Journalist detained, communally abused and questioned by UP police

Omar Rashid, a correspondent with The Hindu was picked up with his friend and activist Robin Sharma who was beaten up in custody


It has begun. After the crackdown on the people, especially the students in Bharatiya Janata Party (BJP) ruled states who are protesting the Citizenship Amendment Act (CAA) and the impending National Register of Citizens (NRC), journalists covering the protests have now come in to the firing line of the government.

Just the way journalists were detained in Kashmir after the abrogation of Article 370, they are now being targeted and wrongly accused of violence by the state in the wake of the CAA protests.

Omar Rashid, a correspondent with The Hindu who was in Lucknow, Uttar Pradesh, to cover the agitation taking place against the CAA and NRC, narrated in his report the horror he was subjected to after the police picked him and local activist Robin Verma from a dhaba outside the Uttar Pradesh BJP office where they were peacefully having a meal.

“Around 6:45 pm on Friday evening, I was trying to grab a quick meal at a dhaba outside the Uttar Pradesh BJP office, waiting to hear about a press conference to be held by the UP government a few blocks away, when at least four men in plainclothes barged in. I was accompanied by Robin Verma, a local activist and friend, and two others, both journalists. The men did not identify themselves and inquired about us using strong and aggressive language. They told me they wanted to question me about something. At the very first instance, I revealed my identity as a journalist and asked them what the matter was all about. However, they packed the two of us, Robin Verma and me, into a police jeep, snatched my mobile phone and asked me to not call or inform anyone or I would regret it. They refused to explain anything to me and asked me to talk only when they asked.”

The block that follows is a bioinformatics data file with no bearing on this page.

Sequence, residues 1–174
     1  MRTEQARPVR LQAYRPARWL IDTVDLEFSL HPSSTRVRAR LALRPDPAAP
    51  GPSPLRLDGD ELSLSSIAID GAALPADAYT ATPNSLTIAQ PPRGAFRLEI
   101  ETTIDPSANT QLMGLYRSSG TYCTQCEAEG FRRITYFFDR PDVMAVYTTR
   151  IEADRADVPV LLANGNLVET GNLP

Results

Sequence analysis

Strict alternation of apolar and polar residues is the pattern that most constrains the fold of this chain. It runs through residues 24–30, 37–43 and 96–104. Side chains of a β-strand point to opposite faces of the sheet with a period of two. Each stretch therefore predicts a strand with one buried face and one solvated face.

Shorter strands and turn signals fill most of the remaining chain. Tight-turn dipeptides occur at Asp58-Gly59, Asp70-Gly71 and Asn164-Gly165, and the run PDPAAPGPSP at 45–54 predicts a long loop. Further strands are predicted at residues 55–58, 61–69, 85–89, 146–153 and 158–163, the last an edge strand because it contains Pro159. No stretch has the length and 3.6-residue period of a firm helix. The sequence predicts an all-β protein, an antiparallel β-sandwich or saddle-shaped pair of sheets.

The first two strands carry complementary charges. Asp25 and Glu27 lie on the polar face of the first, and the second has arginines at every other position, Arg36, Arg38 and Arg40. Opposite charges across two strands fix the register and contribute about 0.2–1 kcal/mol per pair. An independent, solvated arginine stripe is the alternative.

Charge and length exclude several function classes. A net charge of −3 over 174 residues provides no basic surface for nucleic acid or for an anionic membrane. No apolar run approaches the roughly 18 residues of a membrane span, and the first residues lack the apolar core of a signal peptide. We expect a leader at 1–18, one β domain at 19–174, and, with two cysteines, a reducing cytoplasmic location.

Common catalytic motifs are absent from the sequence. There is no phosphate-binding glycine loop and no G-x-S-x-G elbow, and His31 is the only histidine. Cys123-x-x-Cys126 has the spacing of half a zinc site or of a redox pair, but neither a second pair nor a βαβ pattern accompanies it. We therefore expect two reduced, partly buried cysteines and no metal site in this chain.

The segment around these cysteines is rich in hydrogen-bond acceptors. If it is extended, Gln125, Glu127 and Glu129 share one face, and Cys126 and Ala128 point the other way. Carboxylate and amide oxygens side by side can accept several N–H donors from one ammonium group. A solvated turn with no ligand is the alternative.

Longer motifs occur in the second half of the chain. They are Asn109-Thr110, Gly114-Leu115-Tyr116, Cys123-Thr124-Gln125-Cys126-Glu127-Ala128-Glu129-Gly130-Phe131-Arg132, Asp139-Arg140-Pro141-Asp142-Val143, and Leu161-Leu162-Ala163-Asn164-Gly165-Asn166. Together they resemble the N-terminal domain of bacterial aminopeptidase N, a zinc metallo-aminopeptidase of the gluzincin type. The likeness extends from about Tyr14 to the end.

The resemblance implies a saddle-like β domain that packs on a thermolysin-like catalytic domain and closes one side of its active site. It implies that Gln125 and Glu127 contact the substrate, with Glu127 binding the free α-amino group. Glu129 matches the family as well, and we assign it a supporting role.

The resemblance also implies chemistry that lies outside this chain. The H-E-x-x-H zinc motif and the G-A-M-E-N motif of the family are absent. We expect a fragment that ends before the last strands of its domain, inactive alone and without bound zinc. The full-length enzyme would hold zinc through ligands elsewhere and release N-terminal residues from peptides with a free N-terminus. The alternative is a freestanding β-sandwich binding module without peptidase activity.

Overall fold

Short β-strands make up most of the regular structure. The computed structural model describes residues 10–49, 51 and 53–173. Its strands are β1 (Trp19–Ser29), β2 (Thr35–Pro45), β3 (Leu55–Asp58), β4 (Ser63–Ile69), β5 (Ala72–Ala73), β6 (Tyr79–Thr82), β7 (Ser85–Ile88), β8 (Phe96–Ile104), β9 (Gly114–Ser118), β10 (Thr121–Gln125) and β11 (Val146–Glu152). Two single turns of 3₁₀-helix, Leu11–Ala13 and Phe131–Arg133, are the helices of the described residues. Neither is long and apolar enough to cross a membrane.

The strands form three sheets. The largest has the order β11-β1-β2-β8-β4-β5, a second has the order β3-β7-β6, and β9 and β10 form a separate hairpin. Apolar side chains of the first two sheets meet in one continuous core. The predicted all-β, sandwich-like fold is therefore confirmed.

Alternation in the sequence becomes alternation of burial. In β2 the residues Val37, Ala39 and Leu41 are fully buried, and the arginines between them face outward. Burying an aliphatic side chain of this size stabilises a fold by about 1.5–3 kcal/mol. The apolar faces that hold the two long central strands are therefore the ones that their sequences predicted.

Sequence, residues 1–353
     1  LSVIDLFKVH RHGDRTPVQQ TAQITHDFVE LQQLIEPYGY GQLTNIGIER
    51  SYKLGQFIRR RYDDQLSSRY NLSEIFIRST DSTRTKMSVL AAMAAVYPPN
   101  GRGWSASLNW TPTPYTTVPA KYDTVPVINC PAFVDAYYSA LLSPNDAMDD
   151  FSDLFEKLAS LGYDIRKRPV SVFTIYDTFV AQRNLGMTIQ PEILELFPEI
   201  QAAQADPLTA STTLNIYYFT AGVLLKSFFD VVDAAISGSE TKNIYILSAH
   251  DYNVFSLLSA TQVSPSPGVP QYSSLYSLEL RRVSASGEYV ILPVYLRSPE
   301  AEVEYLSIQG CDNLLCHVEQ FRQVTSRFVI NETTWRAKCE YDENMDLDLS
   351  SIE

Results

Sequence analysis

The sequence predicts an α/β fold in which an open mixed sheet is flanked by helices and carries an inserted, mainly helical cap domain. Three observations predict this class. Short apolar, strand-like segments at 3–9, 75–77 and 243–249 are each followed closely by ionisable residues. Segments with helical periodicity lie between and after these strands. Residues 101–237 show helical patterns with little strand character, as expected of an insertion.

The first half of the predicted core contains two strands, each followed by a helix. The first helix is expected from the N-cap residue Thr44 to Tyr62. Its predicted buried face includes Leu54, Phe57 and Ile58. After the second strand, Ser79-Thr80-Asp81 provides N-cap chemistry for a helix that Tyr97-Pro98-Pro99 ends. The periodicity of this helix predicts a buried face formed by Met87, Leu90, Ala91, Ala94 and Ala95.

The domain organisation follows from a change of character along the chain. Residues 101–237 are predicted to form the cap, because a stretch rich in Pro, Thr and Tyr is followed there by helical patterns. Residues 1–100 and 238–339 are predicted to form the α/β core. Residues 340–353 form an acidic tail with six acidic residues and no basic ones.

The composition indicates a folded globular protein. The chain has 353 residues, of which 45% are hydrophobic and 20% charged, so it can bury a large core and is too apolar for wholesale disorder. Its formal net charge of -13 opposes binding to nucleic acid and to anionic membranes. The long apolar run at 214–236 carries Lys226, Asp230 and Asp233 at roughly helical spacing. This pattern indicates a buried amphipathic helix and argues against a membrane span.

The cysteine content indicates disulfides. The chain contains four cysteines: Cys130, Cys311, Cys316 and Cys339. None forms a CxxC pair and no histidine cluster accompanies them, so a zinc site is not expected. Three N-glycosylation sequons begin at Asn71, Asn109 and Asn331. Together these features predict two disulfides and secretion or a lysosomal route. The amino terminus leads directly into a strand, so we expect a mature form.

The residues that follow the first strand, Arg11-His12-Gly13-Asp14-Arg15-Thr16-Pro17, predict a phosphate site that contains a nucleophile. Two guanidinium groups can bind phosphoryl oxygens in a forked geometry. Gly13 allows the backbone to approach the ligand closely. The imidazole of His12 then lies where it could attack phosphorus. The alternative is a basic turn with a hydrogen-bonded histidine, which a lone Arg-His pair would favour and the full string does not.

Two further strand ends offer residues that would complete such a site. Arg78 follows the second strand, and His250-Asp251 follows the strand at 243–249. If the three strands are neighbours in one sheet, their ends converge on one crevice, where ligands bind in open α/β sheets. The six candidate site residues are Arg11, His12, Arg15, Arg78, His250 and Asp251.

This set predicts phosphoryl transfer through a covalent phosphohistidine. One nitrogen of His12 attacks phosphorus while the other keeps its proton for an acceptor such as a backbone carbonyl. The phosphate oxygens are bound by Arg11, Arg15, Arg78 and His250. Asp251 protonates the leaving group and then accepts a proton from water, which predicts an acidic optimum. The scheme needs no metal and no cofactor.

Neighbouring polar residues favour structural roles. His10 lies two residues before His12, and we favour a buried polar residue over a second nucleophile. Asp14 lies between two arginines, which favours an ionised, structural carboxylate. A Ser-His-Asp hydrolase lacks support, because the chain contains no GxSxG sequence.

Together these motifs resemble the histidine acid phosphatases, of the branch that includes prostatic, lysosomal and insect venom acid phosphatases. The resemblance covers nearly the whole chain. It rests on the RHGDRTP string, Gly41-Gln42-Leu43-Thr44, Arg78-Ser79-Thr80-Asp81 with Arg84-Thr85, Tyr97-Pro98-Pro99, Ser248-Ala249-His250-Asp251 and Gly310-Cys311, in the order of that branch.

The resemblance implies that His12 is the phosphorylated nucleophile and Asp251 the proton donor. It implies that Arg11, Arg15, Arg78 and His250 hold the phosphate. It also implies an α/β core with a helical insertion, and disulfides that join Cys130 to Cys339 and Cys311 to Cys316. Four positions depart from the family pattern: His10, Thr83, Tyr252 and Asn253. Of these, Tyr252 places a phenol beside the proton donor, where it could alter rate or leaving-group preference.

They were then taken to the Hazratganj police station where Robin was beaten up.

“They drove us to the Hazratganj police station a km away, where we were told a senior police officer wanted to talk to us. We were then escorted to a room — it looked like a cyber-cell — where within seconds of entering, cops, already stationed there, started thrashing Robin with a thick leather belt and slapped him many times.”

Rashid was locked in a room, threatened, intimidated and questioned about whether or not he was part of the group of people who vandalized police property. His Kashmiri heritage was questioned and he was threatened of being booked under Section 120B of the Indian Penal Code which deals with charges of criminal conspiracy.

“They locked the room and asked me to keep silent when I protested why I was brought there. The policemen threatened me they would book me under 120B of the Indian Penal Code if I didn’t keep quiet and also said they had evidence to show I was part of the arsonists who vandalized police property and engaged in violence during the protest against the Citizenship Amendment Act. I again clarified that I am a journalist and showed them my identity cards. One of them knew me as a journalist but that obviously was not considered”, he said.

“They responded by abusing me and said I should keep my journalism to myself, in abusive Hindi. My Kashmiri background was referred to several times and despite informing them about my newspaper, they continued with their questions and threats. “You are a suspect,” I was told and asked to shut up, he added.